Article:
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Wolves in Sheep’s Clothing: The Muslim Brotherhood and Qatar in Europe

The Muslim Brotherhood movement is not only the oldest but also the largest and potentially the most dangerous Islamist movement in the world. While states like Turkey and Qatar have long supported the Brotherhood, in recent years, and especially since...
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Russia’s pivot to the east: Where does it leave the EU?

As relations between the EU and Russia remain frosty, Moscow has pivoted towards Beijing in search of deeper strategic cooperation. How can Europe re-engage with a Russia increasingly focused on (Eur)asia? This week marks the five-year anniversary of the Maidan...
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PARLIAMENTARY CONTROL OF BREXIT IS EASIER SAID THAN DONE

A frequent criticism of the Prime Minister is that she prematurely triggered the Article 50 negotiations in March 2017 and did so without a realistic plan for their conduct. If she had waited longer and planned better, her critics contend,...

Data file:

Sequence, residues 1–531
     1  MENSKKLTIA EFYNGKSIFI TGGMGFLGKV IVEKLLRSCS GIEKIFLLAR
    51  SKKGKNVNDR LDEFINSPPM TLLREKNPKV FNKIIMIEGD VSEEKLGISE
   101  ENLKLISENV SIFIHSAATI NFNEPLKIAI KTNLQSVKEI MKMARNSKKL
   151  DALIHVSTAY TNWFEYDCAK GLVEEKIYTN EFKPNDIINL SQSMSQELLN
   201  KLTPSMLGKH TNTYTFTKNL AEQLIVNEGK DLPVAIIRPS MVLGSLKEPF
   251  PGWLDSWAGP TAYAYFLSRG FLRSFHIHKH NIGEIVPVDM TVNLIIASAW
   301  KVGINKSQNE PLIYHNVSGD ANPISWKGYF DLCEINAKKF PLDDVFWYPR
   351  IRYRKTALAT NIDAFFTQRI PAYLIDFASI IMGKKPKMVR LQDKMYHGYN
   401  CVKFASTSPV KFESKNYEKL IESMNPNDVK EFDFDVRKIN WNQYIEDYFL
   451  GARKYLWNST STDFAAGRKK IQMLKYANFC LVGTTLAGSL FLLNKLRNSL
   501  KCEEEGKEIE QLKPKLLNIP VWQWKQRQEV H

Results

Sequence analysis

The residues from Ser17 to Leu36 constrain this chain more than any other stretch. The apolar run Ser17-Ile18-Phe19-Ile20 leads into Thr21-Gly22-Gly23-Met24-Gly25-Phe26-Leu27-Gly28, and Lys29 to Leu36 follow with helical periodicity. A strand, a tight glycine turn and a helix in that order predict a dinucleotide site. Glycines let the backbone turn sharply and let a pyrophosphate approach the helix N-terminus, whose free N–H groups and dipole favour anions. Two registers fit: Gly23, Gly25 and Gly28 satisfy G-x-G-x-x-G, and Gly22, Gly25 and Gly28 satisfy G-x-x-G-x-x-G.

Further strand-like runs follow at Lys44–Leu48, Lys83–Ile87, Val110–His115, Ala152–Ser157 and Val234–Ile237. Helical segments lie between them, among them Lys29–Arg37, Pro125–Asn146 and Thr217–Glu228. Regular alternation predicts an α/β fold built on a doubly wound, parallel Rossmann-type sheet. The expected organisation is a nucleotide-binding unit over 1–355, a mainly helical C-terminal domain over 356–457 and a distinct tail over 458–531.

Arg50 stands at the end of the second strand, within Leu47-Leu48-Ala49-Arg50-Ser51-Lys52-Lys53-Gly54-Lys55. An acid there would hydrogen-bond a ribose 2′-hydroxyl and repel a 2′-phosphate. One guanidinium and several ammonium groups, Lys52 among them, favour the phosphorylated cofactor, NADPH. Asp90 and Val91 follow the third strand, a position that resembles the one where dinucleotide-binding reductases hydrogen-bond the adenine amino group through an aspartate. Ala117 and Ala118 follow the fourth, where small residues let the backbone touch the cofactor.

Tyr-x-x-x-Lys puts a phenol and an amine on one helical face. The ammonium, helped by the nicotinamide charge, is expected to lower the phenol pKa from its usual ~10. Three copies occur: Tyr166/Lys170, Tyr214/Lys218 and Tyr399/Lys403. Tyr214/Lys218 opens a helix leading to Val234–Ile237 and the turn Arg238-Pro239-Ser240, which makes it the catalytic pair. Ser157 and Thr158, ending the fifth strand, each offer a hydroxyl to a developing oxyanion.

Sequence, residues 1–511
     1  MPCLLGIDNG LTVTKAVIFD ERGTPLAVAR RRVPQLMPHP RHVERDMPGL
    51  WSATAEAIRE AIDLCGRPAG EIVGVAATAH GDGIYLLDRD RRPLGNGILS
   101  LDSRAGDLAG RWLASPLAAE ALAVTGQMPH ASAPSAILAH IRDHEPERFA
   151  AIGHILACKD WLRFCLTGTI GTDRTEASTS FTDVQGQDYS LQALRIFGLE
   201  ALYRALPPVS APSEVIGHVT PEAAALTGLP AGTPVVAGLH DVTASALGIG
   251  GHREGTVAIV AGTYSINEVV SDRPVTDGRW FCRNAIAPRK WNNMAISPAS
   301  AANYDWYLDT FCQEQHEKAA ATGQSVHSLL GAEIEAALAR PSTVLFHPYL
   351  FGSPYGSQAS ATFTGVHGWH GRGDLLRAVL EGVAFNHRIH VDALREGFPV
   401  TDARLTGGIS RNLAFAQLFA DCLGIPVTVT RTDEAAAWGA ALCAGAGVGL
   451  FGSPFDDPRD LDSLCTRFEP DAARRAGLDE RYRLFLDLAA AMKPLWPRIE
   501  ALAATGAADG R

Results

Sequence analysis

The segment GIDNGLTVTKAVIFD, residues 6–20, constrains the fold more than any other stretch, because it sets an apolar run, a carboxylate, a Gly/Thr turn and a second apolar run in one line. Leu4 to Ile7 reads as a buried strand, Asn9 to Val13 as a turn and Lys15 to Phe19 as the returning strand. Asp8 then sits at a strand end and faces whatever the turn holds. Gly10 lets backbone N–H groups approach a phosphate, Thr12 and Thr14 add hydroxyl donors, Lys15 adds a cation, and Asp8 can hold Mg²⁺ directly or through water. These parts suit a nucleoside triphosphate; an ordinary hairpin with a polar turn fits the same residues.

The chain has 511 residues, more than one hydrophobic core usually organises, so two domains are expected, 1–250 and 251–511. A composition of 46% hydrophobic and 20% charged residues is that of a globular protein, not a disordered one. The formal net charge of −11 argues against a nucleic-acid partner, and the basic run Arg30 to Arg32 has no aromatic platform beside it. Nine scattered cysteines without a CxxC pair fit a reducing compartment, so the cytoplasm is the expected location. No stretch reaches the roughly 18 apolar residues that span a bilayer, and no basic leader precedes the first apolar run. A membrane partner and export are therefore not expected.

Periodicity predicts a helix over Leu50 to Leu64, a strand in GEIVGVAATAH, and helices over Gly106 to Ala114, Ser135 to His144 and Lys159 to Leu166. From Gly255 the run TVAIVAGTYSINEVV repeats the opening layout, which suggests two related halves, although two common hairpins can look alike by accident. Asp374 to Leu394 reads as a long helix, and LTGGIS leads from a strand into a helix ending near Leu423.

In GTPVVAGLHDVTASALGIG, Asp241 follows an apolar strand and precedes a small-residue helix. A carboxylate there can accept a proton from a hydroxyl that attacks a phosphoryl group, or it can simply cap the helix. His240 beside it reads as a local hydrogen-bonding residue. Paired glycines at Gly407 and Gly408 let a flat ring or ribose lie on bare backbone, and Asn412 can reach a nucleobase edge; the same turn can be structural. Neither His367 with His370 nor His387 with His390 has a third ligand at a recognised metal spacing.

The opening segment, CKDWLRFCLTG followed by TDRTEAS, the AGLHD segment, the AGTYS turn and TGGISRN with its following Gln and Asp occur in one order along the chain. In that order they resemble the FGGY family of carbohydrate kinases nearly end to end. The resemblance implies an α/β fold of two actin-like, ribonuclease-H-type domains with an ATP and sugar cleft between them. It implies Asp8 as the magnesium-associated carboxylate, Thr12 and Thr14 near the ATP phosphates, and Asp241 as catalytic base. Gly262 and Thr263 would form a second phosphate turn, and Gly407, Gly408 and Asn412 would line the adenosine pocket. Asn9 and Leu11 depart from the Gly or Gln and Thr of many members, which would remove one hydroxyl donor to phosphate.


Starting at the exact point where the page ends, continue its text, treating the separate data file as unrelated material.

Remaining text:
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Win some, lose some: Iran, the EU and Trump’s three-way game

Just days before the Islamic Republic of Iran celebrates its 40th anniversary on February 11, Europe has offered it a gift. Ever since last May, when Washington pulled out of the nuclear deal signed under then-President Barack Obama and reimposed sanctions on Iran, Europe has promised to soften...
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The deep roots of the trust crisis

Sigmund Freud, the public affairs industry, and the internet may all have played a part, write Isabelle Stanley and Rod Dowler. We all depend in our social, business, financial, and political affairs, on a shared currency of trust. But we...
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BREXIT: WILL PARLIAMENT DECIDE IN FEBRUARY WHAT IT FAILED TO DECIDE IN JANUARY?

Four conclusions emerge from the series of votes on Brexit in the House of Commons this week (29th January): • First, this government is so paralysed by internal division that it is incapable of pursuing any coherent policy in the negotiations....
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The Limits of no Boundaries and the Necessity of Self-Assertion

If Europe wants to maintain its influential place in the world, once again it has to enhance the role of its nation states. ‘Internal diversity and external unity’ would be a viable motto for a rejuvenated European Union to adopt....
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Western Nations Are Repeating the Mistakes of 1914

In their enthusiasm for a new cold war against China and Russia, the Western establishments of today are making a mistake comparable to that of their forebears of 1914. This year saw the centennial anniversary of the end of the...